Beyond the lion, at the end of the table, was a little clear-plastic holder with a couple dozen business cards reading Robert McFey, Artist in Wood, with a post office box and an email address. He wrote that information down in his notebook.
Surrounding the holder were a dozen small carved pieces, some knocked over, that were different from the serious pieces. They were like from a cartoon. A wolf, a crow, a possum, and other little animals, all standing up and dressed in human clothes with human expressions on their faces. Comical, clever. Mike would have liked to pick one up for a closer look, but he had better get on with the more important piece of information waiting farther back in the tent. Booth.
That’s what the murder victim was, now. A source of information. Mike braced himself with that thought and went for a look.
The dead man was thin, medium-height, with graying brown hair pulled into a pony tail and a graying light-brown beard trimmed rather long. He was lying in an uncomfortable-looking position, halfway to face up, one foot across the other ankle. He had on a big, loose navy-blue T-shirt with Let the Chips Fall Where They May printed in white letters on it, faded blue jeans, and an old pair of penny loafers that might have cost a lot when new. And his watch was a Rolex, though not the famous Oyster. And not helpfully broken by his fall to record the time of death. He checked it against his own Timex: eleven twenty-three, right.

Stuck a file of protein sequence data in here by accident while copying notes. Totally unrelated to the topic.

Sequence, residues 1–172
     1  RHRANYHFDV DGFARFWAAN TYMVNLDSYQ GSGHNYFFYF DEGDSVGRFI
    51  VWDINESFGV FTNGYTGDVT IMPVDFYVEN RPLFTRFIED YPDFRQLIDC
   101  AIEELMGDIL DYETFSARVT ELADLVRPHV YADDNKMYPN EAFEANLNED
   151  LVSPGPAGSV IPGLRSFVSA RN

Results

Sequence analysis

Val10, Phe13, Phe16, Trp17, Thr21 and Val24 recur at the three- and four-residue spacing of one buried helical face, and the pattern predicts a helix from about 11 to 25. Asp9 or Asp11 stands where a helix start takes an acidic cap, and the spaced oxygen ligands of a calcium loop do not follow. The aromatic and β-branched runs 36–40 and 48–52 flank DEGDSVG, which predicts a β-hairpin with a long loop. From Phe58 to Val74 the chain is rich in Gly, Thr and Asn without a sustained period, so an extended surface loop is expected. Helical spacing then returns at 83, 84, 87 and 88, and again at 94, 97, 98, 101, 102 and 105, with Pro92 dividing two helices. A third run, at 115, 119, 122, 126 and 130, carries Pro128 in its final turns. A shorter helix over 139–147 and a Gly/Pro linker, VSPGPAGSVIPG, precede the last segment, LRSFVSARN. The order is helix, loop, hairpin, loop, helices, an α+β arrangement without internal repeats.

The man had very obviously died from a big cut that slanted crookedly across his throat. From it, his life’s blood had spilled onto a kind of floor on which he lay. He, or someone, had laid down the big square of plywood – no, two pieces of plywood, side by side, to make the floor, and there were a great many gory footprints made by the first responders anxious to save him. The floor didn’t cover all the inside of the tent, there was a border of grass around it that was widest at the back. A tipped-over director’s chair was surrounded by tiny pieces of wood — the chips mentioned on his T-shirt — and a partly-finished cartoon animal was under the table. It looked like a shaggy dog, the kind whose ears tipped over at the ends, the kind who herded sheep, what breed was that? He couldn’t think, though he recalled that they made bad pets because they always had to have something to do. Oddly, the fur on the back of the dog looked like it had been braided. He frowned at that and then suddenly thought, That’s supposed to be Deb Hart. And he smiled, because it gave him an insight into her personality, or what the artist had thought of her personality. Then he looked at the lifeless hands of the clever man who had carved it and felt a stir of anger. The little carving knife he’d apparently been using had been taken and used on him, then left beside him on the plywood. It had a curved handle and a darkly-clotted, not-long blade. But long enough.